Practice Alerts

312-425-3131

10 South LaSalle Street, Suite 900, Chicago, IL 60603

211 Landmark Drive, Suite C2, Normal, IL 61761

Facebook Linkedin

“The Hand That Feeds Us”

April 2019

By: Steven L. Miller

The Illinois Appellate Court recently addressed the issue of whether an employee’s repetitive movement while on the job constituted an “accident” as defined by the Illinois Workers’ Compensation Act.

The petitioner, best described as a “waitress/trainer/manager” was, on a busy day at a restaurant chain, keeping the dining room clean and moving quickly to keep up with the flow of customers. Although she was a manager, she started bussing tables herself and carrying tubs of dirty dishes out of the dining room to help keep things tidy. She testified that she was “busy as all get out,” which Merriam-Webster defines as “to the utmost conceivable degree.” While swiftly wiping down a table, she felt and heard a loud “pop” in her right hand. The petitioner ultimately was off of work for over 2 1/2 years and underwent five surgeries to her hand/thumb. After deciding to forego a recommended thumb amputation, she received permanent restrictions.

The respondent denied the petitioner’s WC claim, arguing that the act of wiping a table at work did not create a risk of injury greater than wiping a table in one’s own home. The arbitrator awarded benefits, however, concluding that the act of wiping down tables so as to keep the flow of customers moving in a busy restaurant exposed the petitioner to a risk of injury greater than that of the general public.

The arbitrator noted that, given the petitioner’s role in supervising the dining room operation, it would be reasonable to expect that she would perform the task of cleaning off tables in an expeditious manner to facilitate the efficient flow of customers. Thus, petitioner’s job duties required her to “hurriedly” wipe down multiple tables. The Commission and the Circuit Court both affirmed.

The case was appealed and the Appellate Court commenced its analysis by restating that there are three types of risks to which an employee might be exposed: (1) risks distinctly associated with the employment; (2) risks that are personal to the employee; and (3) neutral risks that have no particular employment or personal characteristics. Those injuries resulting from a risk distinctly associated with employment, i.e., an employment-related risk, are compensable under the Act. They include activities that the employer instructed the employee to perform, or which the employee might reasonably be expected to perform in order to complete an assigned duty.

Conversely, “neutral risks,” the Court reminded, were those risks that do not arise out of the employment but are compensable when the employee was exposed to the risk to a greater degree than the general public.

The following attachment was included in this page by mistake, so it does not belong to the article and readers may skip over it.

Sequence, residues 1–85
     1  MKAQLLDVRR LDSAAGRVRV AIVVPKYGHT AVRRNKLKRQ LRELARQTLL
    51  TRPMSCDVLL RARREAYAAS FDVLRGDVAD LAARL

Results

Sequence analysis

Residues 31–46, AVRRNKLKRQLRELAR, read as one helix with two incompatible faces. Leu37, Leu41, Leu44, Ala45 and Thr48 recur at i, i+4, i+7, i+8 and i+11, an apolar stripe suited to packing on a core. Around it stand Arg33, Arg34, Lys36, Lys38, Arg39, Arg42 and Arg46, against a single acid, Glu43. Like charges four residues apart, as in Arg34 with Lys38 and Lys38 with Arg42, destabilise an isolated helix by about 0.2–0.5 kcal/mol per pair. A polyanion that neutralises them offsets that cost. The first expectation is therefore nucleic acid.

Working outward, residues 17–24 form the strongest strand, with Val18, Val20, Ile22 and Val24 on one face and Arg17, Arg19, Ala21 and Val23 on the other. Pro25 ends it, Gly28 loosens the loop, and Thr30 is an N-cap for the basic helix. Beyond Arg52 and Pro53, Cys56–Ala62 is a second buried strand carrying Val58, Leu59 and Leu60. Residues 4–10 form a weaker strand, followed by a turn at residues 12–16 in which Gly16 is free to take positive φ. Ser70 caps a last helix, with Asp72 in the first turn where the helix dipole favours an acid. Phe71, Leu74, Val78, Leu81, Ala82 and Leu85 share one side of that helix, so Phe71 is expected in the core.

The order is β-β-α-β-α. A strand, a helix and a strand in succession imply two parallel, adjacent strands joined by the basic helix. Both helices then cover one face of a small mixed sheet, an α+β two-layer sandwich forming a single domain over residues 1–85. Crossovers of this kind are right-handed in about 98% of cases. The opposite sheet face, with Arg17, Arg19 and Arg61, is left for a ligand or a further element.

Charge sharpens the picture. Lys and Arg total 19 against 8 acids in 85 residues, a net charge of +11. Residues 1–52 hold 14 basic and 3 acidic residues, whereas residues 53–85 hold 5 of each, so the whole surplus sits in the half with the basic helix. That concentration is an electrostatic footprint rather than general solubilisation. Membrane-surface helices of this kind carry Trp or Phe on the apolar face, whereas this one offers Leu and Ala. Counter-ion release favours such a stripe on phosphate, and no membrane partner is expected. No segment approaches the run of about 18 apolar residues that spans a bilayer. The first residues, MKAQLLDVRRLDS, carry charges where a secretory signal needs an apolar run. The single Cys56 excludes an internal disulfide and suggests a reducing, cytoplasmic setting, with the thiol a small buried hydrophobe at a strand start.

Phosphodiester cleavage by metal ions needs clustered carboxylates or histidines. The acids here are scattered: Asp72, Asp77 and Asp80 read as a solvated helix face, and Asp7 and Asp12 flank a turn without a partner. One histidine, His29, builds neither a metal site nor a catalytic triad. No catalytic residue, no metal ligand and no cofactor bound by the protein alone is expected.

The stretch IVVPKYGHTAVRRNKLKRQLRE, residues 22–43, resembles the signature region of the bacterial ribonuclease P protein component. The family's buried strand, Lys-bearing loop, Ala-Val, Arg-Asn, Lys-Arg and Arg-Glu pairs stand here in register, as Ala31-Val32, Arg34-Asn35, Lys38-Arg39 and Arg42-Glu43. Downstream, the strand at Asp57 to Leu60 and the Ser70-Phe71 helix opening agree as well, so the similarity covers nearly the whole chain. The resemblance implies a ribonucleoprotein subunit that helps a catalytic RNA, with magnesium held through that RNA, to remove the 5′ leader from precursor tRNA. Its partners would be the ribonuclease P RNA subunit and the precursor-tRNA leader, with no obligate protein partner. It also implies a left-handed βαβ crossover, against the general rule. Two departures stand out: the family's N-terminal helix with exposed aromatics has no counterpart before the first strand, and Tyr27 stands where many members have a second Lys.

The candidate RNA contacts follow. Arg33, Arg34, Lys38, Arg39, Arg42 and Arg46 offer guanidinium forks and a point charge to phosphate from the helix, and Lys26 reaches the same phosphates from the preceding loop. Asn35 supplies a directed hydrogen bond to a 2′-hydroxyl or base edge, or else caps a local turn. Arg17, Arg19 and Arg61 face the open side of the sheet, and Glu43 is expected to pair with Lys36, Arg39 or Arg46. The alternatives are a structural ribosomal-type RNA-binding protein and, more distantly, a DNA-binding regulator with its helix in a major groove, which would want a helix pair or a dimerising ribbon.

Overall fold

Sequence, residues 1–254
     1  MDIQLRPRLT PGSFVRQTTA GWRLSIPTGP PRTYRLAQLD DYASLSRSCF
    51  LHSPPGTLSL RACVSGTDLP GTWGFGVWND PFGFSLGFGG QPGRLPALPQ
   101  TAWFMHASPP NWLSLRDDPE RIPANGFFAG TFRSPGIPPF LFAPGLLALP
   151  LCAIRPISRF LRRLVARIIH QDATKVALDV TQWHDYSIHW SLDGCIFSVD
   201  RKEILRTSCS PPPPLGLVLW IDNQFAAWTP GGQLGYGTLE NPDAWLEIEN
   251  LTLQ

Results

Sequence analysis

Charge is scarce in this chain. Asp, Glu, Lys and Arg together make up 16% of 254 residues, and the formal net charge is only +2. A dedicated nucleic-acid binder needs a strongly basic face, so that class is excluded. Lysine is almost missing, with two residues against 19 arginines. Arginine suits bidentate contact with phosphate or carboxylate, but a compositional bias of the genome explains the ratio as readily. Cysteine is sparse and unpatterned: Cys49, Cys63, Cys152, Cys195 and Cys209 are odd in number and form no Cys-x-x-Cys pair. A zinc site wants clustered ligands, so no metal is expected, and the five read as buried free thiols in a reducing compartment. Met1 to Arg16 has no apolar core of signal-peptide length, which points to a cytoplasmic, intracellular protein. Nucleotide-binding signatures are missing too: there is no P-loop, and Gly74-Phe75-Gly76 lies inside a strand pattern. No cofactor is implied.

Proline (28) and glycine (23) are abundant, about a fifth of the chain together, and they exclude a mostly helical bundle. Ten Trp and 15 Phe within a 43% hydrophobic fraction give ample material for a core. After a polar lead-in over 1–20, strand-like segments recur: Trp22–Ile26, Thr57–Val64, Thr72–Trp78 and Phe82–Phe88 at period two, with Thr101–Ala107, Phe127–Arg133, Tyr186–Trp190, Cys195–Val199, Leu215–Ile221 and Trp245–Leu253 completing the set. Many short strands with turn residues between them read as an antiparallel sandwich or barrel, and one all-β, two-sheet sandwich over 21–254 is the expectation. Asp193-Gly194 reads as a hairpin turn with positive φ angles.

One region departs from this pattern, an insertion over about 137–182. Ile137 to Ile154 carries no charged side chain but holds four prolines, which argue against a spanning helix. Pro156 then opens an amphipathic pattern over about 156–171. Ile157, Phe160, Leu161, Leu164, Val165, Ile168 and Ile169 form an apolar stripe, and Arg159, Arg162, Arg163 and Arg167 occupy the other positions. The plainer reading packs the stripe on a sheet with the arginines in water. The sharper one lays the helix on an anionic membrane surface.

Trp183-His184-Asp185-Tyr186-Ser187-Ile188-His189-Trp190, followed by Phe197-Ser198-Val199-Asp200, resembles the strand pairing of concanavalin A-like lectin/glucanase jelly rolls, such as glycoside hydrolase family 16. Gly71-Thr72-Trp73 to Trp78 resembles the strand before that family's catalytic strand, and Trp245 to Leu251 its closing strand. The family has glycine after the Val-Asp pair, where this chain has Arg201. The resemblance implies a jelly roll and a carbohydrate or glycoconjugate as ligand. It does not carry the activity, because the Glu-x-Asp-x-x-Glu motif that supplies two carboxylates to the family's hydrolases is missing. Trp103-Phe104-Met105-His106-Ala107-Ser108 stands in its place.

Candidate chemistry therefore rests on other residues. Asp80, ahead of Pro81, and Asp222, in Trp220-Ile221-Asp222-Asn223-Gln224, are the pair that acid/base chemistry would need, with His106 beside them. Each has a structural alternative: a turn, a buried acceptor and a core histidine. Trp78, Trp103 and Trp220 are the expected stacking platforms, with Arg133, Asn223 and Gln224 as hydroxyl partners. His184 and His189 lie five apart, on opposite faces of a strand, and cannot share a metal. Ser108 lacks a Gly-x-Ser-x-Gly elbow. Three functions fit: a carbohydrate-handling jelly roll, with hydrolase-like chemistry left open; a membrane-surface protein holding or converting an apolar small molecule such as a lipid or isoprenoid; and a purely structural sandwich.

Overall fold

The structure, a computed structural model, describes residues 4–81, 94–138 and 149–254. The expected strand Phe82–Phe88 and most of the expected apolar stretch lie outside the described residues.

The Appellate Court affirmed the lower courts but decided that a neutral-risk analysis was unnecessary “as the injury stemmed from a risk distinctly associated with her work for the employer.” For support, the Court noted that the petitioner was injured while wiping down a table at work, which was part of her duties as a manager in order to keep the flow of customers moving efficiently. To do this, she testified that occasionally she needed to bus tables. The Court thus found that she was engaged in an activity that the employer might reasonably have expected her to perform in the fulfillment of her job.

Respondent’s second argument was an attempt at disputing medical causation with the use of a Section 12 examiner’s report. Respondent’s expert opined that while the symptoms manifested after she wiped the table, the petitioner’s condition of ill-being was not causally related to them as the wiping motions would not be sufficient to alter the natural progression of a likely degenerative arthritic condition. No causation opinion was offered by the petitioner and so the respondent argued that the court should only take into account the Section 12 examiner’s opinions. The Court disagreed noting that the Commission could infer causation “from a sequence of lack of symptoms prior to an accident, with symptom manifestation immediately following the accident.” Consequently, the Court related the condition based on the Section 12 examiner’s own acknowledgement that the petitioner was not only symptom free prior to the accident, but also conceded that the table wiping motion at least caused “symptom manifestation.”

It is noteworthy that both Justices Holdridge and Hudson concurred but agreed with the lower courts on the application of the neutral-risk analysis. Holdridge wrote that because the petitioner was performing an activity of everyday living (wiping a table), she would only be able to recover if she could show that she faced the risk of injury posed by wiping tables more frequently or in a qualitatively greater manner than do members of the general public. “We may not award benefits merely because wiping tables was part of her job duties. In other words, we must apply a neutral risk analysis to her claims.” But because the petitioner was hurriedly wiping the tables, Holdridge wrote that “the Commission reasonably concluded that the rapid nature of the [petitioner’s] activities might increase the risk that an injury would occur while she was performing her job duties.”

  • Chicago Bar Association
  • Workers' Compensation Lawyers Association
  • IRTB
  • DRI - The Voice of the Defense Bar
  • The Illinois Association of Defense Trial Counsel
  • Illinois Self-Insurers' Association
  • Chicago Bar Association
  • Workers' Compensation Lawyers Association
  • IRTB
  • DRI - The Voice of the Defense Bar
  • The Illinois Association of Defense Trial Counsel
  • Illinois Self-Insurers' Association
10 South LaSalle Street, Suite 900
Chicago, IL 60603
Phone: 312-425-3131
211 Landmark Drive, Suite C2
Normal, IL 61761
Phone: 309-862-4914
Back to Top